A Cowboy’s Faith: ‘Oh, to ride horseback’

buchmanhead“Can I ride your horse?”

The little boy came up to us after the barrel race at the state finals horse show with that request.

A bit hesitant, and desiring from our heart to oblige, but knowing the high risks involved, we initially said, “No. So very sorry.”

With head drooped, disappointment apparent, the boy started walking away, and we followed: “Well, you can ride Missy, if you let us lead her. Would that work this time?”

Attitude quickly changed, the 10-year-old required no assistance monkeying upon the mare’s back, while grabbing her reins at the same time.

Slightest touch to the horse’s mouth to her meant time to work, and she was ready to go, as we immediately told the young rider to let go of the reins and hold onto the saddle.

Always straightforward, as respectfully as we know how, we reprimanded the young rider, explaining necessity of gentleness and caution with a highly trained horse of such wisdom.

There was prancing in Missy’s step as the little rider, short legs far from reaching stirrups, hung tight on the saddle horn, while we led around outside the pen.

When the delighted rider dismounted, we told him we’d see if anybody else would let him ride their horses. But, he’d already asked them, with same response we’d made.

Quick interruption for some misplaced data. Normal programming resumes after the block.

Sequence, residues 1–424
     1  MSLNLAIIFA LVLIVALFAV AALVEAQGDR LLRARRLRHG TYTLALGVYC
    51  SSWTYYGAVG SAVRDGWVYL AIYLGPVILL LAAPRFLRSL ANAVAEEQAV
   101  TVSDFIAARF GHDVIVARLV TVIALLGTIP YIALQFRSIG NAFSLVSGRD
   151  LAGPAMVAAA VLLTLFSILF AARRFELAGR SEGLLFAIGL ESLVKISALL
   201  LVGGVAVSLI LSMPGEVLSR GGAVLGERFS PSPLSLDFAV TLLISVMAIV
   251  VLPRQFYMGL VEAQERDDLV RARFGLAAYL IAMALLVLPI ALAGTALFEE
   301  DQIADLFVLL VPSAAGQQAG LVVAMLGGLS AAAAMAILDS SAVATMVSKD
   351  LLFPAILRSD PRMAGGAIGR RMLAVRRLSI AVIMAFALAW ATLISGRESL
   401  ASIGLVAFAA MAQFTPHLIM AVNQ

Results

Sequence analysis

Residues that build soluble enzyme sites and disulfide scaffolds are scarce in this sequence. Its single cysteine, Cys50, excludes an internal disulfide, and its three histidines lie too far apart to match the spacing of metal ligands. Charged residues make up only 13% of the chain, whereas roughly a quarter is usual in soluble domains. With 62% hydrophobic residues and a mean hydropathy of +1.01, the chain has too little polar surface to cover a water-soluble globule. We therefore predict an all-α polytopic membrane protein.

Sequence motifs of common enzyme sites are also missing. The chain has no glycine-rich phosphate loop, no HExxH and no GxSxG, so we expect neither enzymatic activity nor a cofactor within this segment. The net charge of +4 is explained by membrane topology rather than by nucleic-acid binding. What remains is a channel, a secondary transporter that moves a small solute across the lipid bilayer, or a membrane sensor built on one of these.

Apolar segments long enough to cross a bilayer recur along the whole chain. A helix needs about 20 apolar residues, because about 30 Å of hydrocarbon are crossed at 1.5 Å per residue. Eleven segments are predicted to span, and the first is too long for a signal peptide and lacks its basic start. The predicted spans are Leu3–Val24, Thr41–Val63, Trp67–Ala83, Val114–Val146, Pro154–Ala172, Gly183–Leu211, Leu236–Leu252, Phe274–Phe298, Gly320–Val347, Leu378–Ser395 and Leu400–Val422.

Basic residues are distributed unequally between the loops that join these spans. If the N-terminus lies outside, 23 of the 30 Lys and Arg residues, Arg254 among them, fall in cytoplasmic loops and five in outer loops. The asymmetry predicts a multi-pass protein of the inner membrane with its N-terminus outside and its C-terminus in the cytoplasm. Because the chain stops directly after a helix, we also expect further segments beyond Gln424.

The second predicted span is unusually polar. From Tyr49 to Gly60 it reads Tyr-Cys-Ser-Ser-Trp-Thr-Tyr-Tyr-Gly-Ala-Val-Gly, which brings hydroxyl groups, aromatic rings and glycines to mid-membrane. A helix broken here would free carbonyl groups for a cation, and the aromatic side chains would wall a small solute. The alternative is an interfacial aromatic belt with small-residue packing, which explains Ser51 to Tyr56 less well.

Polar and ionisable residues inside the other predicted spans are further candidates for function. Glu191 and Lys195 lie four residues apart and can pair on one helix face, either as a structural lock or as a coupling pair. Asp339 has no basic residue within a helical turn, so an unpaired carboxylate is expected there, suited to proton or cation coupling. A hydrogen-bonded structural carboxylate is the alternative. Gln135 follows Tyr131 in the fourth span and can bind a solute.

Biggest dilemma is we know exactly how the 10-year-old felt. When we were his age, we always wanted to ride a horse, and felt brokenhearted when we couldn’t. The few times we got to ride a horse during early childhood are our fondest memories.

There were horses on the grounds that likely it would have been fine for the boy to ride alone. But, most horses know their job and can be confused by inexperienced people on board.

Without intention, a horse can step on a youth, bump, or even affectionately nuzzle with a bit of pressure. After mounted, the horse could shy, back, run, possibly severely injure the rider, making the horse owner liable.

Reminds us of Revelation 9:19: “For the power of the horses to do harm is in their mouths and also in their tails, and it is by means of them that they wound people.” Still, we must restate: “The outside of a horse is good for the inside of a man.”


030615-franksmug2Frank J. Buchman is a lifelong rancher from Alta Vista, a lifetime newspaper writer, syndicated national ag writer and a radio marketing consultant. He writes a weekly column to share A Cowboy’s Faith.

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